2020 – The Year of the Slipper
From the desk of KnitFreedom Knitting Expert Mary Claire Phillips...
Even when I’m stuck in the house, I still get to slip on something handmade and special.
Prior to this knit-a-long, I’d been doing some colorwork slippers in the round. However, I was jerryrigging my own pairs from mitten charts and barebones knitting patterns.
When Liat told me she was going to start a Felted Slipper class that involved seaming instead of knitting in the round, I was intrigued.
So when Liat asked if I wanted to cast on with everyone when we kick off October 31st, I had to say yes!
I love setting intentions for my projects, and this KAL is no different.
Here’s what I’m looking forward to learning with everyone as we knit these slippers together:
- How to get a smooth seam
- Felting without a washing machine
- Getting to know new woolly yarns and the sheep behind them
Stash Diving - Discovering Yarn in Your Own Stash
When it comes to choosing the right yarn, I am all about stash diving!
Given my obsession with felted slippers this year, I had a hefty selection to choose from. However, since most of these were left over from knitting I wasn’t sure if I would have enough for this Knit-A-Long.
If you’re like me and stash diving, here’s a helpful guide on how to figure out how much yarn you have. To do this math you will need -
- A gram scale (you can find them at yarn shops, baking supplies stores, or just by googling)
- Yarn you either know is 100% non-superwash wool/alpaca, or yarn you still have the ball tag for which you can confirm the fiber content
I had an extra ball of Harrisville Designs FLYWheel in the color Penstock. The combination of black with red, blue, and yellow gives me joy every time I see it.
I’ve already used this ball for another project, so I wanted to see how many yards I have remaining.
One skein of FLYWheel has 170 yards and weighs 50 grams. Now if you want to solve for just this 21 gram ball of yarn, you can do a simple fraction of (170/50) times 21 which equals 71.4 yards. If it helps to see the math written out, here is my handwritten process for you to follow:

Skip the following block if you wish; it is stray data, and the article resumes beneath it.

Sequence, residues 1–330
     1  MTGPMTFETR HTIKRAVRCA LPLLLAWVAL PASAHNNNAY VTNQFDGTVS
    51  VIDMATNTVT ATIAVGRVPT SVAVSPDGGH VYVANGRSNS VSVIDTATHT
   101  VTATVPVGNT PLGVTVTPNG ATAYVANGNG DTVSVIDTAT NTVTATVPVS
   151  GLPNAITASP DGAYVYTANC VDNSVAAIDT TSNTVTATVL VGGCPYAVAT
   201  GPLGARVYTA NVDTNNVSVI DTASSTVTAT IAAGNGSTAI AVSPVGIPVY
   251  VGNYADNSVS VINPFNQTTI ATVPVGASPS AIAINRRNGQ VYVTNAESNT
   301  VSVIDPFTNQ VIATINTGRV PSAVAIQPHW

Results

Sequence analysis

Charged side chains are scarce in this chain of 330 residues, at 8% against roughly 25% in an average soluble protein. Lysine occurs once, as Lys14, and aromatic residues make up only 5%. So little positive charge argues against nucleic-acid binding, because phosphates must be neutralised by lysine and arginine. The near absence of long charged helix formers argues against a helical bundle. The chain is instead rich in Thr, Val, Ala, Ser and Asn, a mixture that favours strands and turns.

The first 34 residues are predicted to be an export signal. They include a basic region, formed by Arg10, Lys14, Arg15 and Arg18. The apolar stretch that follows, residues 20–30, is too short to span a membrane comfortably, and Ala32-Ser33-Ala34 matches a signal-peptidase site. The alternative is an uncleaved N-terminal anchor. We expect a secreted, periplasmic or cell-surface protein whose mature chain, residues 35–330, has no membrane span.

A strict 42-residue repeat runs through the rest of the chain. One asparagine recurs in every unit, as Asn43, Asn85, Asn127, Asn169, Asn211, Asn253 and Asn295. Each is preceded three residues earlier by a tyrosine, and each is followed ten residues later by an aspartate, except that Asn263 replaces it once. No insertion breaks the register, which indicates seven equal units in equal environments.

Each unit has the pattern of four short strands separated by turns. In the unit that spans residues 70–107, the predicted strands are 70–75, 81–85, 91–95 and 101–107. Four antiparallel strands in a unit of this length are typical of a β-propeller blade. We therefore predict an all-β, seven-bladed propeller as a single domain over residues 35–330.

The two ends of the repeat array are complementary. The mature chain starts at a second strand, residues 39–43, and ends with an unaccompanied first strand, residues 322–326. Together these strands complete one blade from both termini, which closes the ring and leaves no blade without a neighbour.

If you have multiple skeins of the same yarn, you may prefer to calculate the yards per gram (my first step above) which may be useful for several balls of yarn.Not going to lie to you KnitFreedom readers, I was so ready to cast on my FLYWheel slippers. I love the color variation in every strand, and I already know I like how they feel on my feet. But then I went to work…
Just this past week the yarn shop I work at received a huge shipment of yarn from Retrosario in Portugal. I highly recommend checking them out if you’re natural wools.
While shelving it, I fell in love with the brightly colored, yet still sheepy yarn.
I read a bit more about the milk & wool producing Saloia sheep this wool comes from, and knew immediately this was the perfect project for it.
Needless to say, I came home with more yarn.
Leave a Comment
I’m so excited to start knitting on my slippers, what about y’all?
How is your yarn selection going? Will you be treating yourself to new yarn or stash diving from old favorites?
Let me know in the comments! You’ll be hearing from me sparingly as I’ll be spending this week road tripping through nature, distantly visiting sheep farms, and celebrating my birthday alongside my partner.
Oh, and keep your eyes peeled! On Friday, October 13th, our Felted Slippers class and FREE knitalong will be available for signups!
Until next time!
Mary Claire is KnitFreedom's resident Knitting Expert. She answers all students' knitting questions and finds extra time to write educational blog posts for KnitFreedom. She loves knitting Fair-Isle sweaters.
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Resources referenced in this post:
- Recommended Notion: Kitchen Scale by Nicewell
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